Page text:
TAMPA — Kevon Dooley can see himself in the spotlight someday.
Maybe acting. Maybe modeling. But for Dooley, one of thousands of bay area foster children, envisioning the future itself is a tall task.
"We all have been through a lot," he said.
Dooley, 19, has been in the foster care system for four years, smack dab in the middle of his teenage years. And although Dooley has faced his share of struggles, it's days like Saturday that buoy his hopes that his future is just as bright as any other kid's.
For the second year in a row, Dooley will take part in the second annual Tampa Bay Rising Stars Football Camp, a free event specifically geared toward local foster children.
"It was a blast last year," Dooley said. "I can't wait."
Current and former Buccaneers Jude Adjei-Barimah, Maurice Stovall, Jeremiah Warren and Michael Clayton will be providing football and hope for the 80-plus kids in attendance.
"I want to give these kids a chance to be a part of something they don't have the resources to be a part of," camp organizer Orlando Gonzalez said. "Almost all these camps cost money. These kids don't have these resources. I want to give them the same experience as the paid camps."
Gonzalez, who worked in foster care for the past decade and a half, partnered with Camelot Community Care last year to put on the inaugural camp. Former Buc Jorvorskie Lane, who was raised by his grandparents, made a huge impression on the campers.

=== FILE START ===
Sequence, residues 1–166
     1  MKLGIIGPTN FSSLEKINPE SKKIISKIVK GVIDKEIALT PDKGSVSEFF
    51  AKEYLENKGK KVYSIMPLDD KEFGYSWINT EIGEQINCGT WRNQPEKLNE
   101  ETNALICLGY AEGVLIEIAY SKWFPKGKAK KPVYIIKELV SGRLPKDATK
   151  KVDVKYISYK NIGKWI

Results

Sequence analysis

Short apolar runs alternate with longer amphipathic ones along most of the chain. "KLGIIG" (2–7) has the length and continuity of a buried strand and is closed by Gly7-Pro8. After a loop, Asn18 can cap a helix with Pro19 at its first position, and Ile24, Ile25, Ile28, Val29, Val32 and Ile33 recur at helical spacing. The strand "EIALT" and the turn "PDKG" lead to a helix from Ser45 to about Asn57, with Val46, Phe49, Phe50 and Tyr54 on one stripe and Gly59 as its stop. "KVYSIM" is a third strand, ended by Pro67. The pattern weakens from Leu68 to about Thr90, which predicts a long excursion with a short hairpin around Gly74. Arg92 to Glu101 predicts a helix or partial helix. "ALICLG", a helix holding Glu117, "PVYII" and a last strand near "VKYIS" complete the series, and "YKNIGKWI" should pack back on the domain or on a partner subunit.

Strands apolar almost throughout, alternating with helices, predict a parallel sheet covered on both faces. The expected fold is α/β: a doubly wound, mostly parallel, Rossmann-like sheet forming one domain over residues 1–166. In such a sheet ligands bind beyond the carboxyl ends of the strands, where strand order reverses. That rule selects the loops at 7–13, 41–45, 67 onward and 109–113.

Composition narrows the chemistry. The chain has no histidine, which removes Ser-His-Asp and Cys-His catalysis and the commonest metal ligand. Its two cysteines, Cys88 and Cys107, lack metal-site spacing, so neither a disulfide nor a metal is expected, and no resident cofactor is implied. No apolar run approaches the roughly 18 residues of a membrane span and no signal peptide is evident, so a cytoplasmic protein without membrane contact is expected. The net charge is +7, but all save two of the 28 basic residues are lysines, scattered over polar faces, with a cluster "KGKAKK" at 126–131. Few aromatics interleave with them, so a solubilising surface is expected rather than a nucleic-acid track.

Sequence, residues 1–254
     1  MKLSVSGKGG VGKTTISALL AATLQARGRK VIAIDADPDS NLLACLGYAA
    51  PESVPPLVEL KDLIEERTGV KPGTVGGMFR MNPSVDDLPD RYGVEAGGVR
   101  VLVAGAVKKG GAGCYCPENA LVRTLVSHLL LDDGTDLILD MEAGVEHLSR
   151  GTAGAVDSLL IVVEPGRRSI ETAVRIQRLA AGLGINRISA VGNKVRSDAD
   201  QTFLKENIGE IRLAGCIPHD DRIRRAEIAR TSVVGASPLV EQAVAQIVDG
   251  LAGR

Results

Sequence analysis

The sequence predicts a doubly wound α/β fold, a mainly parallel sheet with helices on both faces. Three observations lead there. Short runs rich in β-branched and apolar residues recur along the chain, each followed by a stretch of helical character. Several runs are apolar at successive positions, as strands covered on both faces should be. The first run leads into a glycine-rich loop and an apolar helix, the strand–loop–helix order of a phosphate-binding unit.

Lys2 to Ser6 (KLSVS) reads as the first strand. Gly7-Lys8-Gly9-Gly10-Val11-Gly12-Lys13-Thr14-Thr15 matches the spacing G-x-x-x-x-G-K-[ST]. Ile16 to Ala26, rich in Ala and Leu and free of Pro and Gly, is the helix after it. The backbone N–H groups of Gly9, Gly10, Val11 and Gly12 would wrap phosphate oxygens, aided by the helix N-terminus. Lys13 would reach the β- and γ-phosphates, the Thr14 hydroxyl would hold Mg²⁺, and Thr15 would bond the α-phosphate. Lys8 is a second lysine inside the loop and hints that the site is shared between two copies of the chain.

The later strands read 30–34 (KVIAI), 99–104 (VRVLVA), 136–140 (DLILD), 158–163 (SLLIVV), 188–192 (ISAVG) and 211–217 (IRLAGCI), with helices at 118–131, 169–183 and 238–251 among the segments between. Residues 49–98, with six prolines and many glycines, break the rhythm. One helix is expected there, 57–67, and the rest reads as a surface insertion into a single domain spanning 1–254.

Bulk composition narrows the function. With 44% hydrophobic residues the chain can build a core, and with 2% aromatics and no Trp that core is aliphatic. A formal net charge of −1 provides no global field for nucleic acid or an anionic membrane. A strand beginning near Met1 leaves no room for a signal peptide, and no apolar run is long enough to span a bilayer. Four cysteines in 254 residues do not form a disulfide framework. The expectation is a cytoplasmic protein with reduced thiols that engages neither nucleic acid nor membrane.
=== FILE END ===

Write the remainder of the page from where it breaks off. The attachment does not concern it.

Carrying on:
"It was great talking to him," Dooley said. "It was very motivating for me and the rest of us."
Gonzalez, who recently took a marketing position with a construction staffing firm, wasn't sure he'd be able to pull off the camp again this year, but he said the positive reaction he got from the kids drove him to find a way.
"I still stop by the group homes all the time and the kids kept asking when we were going to do another camp," he said. "They just loved it. I didn't want to let them down. You could tell how much it meant to them."
Second-year cornerback Adjei-Barimah knows all about struggling to overcome odds. Adjei-Barimah, who wasn't even a full-time starter at Bowling Green until his senior season, made an impact with the Bucs last year despite being an undrafted free agent.
"I want them to be able to say, 'Hey, he went through a lot of adversity and a lot of things, but look where he's at now,' " Adjei-Barimah said.
Adjei-Barimah said although his road to the NFL was filled with obstacles, it pales in comparison to what foster kids go through. But he hopes sharing his message of beating the odds can motivate some of the campers.
"If I can just reach one or two kids and inspire them to push farther in life and chase their dreams, I will have done my job as a role model," he said.
The camp will include drills during the morning session, followed by lunch and a 7-on-7 tournament in the afternoon. And Gonzalez said he told his instructors to treat the kids "just like they were at any other football camp."
"These kids thrive on challenges," he said. "So I told all these coaches to go hard at them. Don't hold back."
Dooley will be running routes and pushing blocking sleds Saturday. He recently graduated from Bowers-Whitley Career Center and plans to attend Hillsborough Community College in the fall. And though Dooley has already cleared a number of hurdles so far in life, he believes the best is still to come.
"We got a chance to see and talk to the (NFL) players and hear about what they've overcome," Dooley said. "I feel like I have a lot to look forward to."